Excess weight gain in infancy and childhood is associated with increased risk of subsequent obesity. Identifying patterns of infancy and childhood weight gain associated with subsequent obesity or overweight status could help identify children at highest risk. Thus, researchers examined patterns of infancy and early childhood BMI in relation to mid-childhood overweight and obesity status.
In a prospective cohort of 215 children from Cincinnati, OH (born: 2003–2006), this study, conducted by lead author Dr. Joseph Braun, assistant professor of public health and assistant professor of epidemiology at the Brown University School of Public Health, measured weight and length or height at ages 4 weeks and 1, 2, 3, 4, 5, and 8 years. BMI z-scores were calculated using World Health Organization references. Using linear fixed effect models, researchers estimated mean BMI at each age and rates of change in BMI between ages 4 weeks and 5 years by children’s overweight and obesity status at age 8 years, assessed with BMI z-scores or bioelectric impedance analysis (BIA).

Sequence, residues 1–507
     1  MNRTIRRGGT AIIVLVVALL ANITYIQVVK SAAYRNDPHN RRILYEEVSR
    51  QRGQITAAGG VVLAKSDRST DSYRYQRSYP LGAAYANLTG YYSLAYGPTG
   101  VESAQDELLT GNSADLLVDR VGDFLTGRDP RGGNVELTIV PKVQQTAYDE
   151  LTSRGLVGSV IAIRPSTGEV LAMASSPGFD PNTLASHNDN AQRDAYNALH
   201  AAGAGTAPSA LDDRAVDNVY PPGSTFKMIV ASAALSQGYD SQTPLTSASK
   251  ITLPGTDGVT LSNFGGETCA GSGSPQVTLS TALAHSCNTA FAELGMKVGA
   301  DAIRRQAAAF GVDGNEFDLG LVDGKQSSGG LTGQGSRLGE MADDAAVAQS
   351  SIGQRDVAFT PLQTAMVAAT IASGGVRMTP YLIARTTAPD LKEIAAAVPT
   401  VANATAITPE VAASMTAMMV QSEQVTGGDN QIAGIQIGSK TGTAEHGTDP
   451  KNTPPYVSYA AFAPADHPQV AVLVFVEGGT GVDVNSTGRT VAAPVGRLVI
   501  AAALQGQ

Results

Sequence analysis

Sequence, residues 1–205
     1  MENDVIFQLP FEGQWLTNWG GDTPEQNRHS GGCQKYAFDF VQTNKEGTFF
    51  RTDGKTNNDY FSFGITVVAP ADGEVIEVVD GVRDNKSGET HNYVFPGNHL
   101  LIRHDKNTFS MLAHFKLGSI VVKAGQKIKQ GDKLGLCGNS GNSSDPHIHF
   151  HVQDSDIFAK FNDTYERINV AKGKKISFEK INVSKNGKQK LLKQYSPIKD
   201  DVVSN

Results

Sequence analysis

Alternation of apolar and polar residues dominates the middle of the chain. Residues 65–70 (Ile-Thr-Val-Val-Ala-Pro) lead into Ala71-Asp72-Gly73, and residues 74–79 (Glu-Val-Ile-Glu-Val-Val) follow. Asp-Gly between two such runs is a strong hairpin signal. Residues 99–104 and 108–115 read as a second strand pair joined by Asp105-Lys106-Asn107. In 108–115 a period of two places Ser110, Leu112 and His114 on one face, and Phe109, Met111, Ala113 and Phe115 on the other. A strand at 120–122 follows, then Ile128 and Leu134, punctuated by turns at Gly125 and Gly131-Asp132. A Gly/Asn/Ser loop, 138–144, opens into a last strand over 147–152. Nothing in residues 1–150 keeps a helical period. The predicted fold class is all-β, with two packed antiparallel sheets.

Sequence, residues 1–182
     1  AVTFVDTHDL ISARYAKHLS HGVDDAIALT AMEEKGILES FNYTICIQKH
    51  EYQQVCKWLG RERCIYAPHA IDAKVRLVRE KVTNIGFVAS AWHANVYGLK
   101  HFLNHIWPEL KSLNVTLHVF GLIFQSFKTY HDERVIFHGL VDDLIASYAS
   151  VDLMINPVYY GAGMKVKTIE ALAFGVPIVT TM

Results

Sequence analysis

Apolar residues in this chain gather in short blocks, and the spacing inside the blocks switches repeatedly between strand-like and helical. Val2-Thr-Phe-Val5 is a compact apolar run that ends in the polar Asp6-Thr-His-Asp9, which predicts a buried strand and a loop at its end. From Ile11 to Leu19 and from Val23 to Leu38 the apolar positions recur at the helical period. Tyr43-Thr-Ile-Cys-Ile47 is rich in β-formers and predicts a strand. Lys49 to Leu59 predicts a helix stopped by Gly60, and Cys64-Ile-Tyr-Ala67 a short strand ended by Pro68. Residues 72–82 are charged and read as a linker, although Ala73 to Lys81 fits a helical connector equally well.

[Photo: Dr. Joseph Braun]
Children who became overweight (BMI, n = 51 and BIA, n = 37) or obese (BMI, n = 22 and BIA, n = 29) at age 8 years had greater BMI at all ages compared to normal weight children. Children who were overweight had similar rates of change in BMI as children who were lean. Children who were obese had greater gains in BMI between age 4 weeks and 5 years, with the most rapid gains in the first 2 years.
Results from this study suggest that adiposity patterns in the first 5 years of life are related to subsequent childhood overweight and obesity risk. Future efforts to identify interventions to prevent childhood obesity should focus on the periods of gestation and infancy as obesity risk may be malleable during these periods.
This article was published in BMC Pediatrics in May.